If so, my initial response is that the metaphor is stilted: "Creationists are taking over Kansas [false] = Dogma is bad [worth discussing]." Of course, I also think the reader buys a great deal of interpretive wiggle room with metaphor and layers. It's great fun to see how much we can give the author credit for saying or not saying; much of higher education is devoted to this pursuit. Not surprisingly to you, it also gives me the urge to shout (in Jon Stewart fashion), "It's open bar at the Opinion Lounge– ladies drink free!"

I'm not saying you're wrong about metaphor and layer. I'm just saying that if you're right, he's either accountable to the facts of the case, or it's a free-for-all and we (author and reader alike) can read into it whatever our hearts desire.

And what he spoke against was not religion or Christianity in particular but dogmatism...the unfledging belief that one stance alone is correct and necessarily overshadows all other thought and exploration.

Here's the trick, the "yes but..." or "yes and no...": If dogmatism is indeed as you've defined it here, there are cases in which Jesus requires it of believers. That's not to say every or even most church doctrines are dogma as defined above, but some will be, must be, or else it's not Christianity at all. The only way "around" this is to pick and choose where and when to listen to Jesus. As you might guess, I submit that such a buffet-style approach may lead to a religion, but that religion is not Christianity.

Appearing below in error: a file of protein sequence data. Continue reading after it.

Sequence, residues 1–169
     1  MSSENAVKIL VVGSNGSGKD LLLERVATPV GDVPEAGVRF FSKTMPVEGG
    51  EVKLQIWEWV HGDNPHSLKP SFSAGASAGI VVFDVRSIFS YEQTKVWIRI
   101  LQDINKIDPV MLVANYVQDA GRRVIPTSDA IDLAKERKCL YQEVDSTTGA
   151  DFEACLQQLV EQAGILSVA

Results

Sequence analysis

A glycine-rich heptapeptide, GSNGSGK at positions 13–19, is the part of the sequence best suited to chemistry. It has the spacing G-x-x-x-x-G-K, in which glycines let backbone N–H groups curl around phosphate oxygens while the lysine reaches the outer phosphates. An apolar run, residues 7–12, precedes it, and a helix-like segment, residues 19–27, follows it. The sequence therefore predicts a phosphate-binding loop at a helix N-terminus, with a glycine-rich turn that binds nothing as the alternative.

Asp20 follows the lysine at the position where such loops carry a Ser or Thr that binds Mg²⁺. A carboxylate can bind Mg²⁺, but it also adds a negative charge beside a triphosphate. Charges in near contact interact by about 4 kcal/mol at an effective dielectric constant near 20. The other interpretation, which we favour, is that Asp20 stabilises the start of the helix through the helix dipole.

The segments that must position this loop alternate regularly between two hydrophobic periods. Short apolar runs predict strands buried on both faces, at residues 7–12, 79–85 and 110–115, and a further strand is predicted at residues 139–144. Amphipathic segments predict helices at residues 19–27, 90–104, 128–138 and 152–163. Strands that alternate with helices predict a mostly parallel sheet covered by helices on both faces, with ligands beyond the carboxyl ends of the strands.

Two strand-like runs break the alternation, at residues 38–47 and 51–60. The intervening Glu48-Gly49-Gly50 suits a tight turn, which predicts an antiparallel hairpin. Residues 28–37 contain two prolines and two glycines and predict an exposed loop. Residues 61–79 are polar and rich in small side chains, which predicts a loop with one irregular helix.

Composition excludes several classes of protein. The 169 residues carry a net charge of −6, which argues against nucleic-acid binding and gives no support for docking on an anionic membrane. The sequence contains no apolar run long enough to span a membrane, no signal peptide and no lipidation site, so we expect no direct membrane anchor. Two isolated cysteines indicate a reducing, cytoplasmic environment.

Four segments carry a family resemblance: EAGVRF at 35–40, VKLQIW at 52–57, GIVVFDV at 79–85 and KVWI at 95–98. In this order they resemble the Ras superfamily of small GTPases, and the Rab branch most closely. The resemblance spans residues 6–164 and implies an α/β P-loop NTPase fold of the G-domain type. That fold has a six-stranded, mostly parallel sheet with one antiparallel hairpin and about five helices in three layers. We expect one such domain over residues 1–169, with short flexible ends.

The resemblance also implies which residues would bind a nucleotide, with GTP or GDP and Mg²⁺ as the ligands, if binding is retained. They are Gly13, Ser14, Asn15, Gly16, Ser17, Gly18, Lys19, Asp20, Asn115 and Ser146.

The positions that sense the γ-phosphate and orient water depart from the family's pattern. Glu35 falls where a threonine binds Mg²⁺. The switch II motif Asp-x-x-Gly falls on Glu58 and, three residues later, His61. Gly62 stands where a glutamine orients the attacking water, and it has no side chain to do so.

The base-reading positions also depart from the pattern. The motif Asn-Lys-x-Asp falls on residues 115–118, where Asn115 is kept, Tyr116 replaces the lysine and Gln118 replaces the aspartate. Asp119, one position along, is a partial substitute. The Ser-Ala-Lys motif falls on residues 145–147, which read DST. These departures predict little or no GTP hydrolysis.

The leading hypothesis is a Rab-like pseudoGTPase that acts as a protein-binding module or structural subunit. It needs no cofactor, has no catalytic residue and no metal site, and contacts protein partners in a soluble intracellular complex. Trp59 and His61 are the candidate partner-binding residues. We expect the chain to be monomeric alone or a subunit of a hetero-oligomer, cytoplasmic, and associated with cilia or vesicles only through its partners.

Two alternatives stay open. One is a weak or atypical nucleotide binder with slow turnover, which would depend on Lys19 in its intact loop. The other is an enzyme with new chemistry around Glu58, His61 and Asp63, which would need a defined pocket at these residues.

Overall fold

The core issue I think Rushdie should have addressed (and perhaps this was his attempt and I missed it) is science in the science classroom. This means theory– and when there's a plurality, theories– presented as such, within their social context (there's naturally a huge one around both Creationism and Darwinism) and with both evidence and shortfalls. "In the beginning" isn't science, yet there is science to support "In the beginning," and this is what deserves classroom admittance. Current approaches to teaching evolution (preeminiently or solely) place a premature lock on the doors of scientific inquiry. When those who believed in God tried to remove or even loosen that lock in Kansas, some (including Rushdie) took offense, dismissing their argument as fundamentalism. And I'll grant that many "creation scientists" come off as just that, but neither was Darwin a well-regarded figure in his day. The issue is the science, as far as science is concerned.